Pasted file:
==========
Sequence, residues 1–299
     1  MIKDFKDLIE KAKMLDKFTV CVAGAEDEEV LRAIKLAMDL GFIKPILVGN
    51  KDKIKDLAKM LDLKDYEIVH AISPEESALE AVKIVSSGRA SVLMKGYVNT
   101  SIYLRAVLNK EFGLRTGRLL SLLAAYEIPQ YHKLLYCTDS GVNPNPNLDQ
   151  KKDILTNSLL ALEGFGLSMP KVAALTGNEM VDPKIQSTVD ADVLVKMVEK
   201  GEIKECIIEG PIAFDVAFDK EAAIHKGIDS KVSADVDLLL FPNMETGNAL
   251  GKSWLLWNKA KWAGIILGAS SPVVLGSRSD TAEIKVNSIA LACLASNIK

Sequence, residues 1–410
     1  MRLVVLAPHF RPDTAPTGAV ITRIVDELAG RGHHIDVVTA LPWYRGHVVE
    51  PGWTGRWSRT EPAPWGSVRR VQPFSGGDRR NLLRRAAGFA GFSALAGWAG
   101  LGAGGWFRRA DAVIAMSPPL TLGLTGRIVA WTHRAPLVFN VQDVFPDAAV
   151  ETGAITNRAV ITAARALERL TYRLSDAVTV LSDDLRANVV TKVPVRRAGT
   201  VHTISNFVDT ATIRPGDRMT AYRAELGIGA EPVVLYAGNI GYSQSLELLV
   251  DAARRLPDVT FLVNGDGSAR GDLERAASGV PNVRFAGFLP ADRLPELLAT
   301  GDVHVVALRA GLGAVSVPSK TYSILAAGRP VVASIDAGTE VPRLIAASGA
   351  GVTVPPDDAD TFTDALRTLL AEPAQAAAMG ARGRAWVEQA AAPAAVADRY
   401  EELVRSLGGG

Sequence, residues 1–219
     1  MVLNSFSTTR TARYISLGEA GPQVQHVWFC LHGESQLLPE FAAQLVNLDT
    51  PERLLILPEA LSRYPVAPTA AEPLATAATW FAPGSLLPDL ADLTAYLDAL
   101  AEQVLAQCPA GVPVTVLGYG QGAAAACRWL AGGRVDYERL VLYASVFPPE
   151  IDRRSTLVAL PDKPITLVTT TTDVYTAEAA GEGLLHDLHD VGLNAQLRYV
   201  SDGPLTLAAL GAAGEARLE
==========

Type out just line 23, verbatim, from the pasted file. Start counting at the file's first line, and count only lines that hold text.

   201  SDGPLTLAAL GAAGEARLE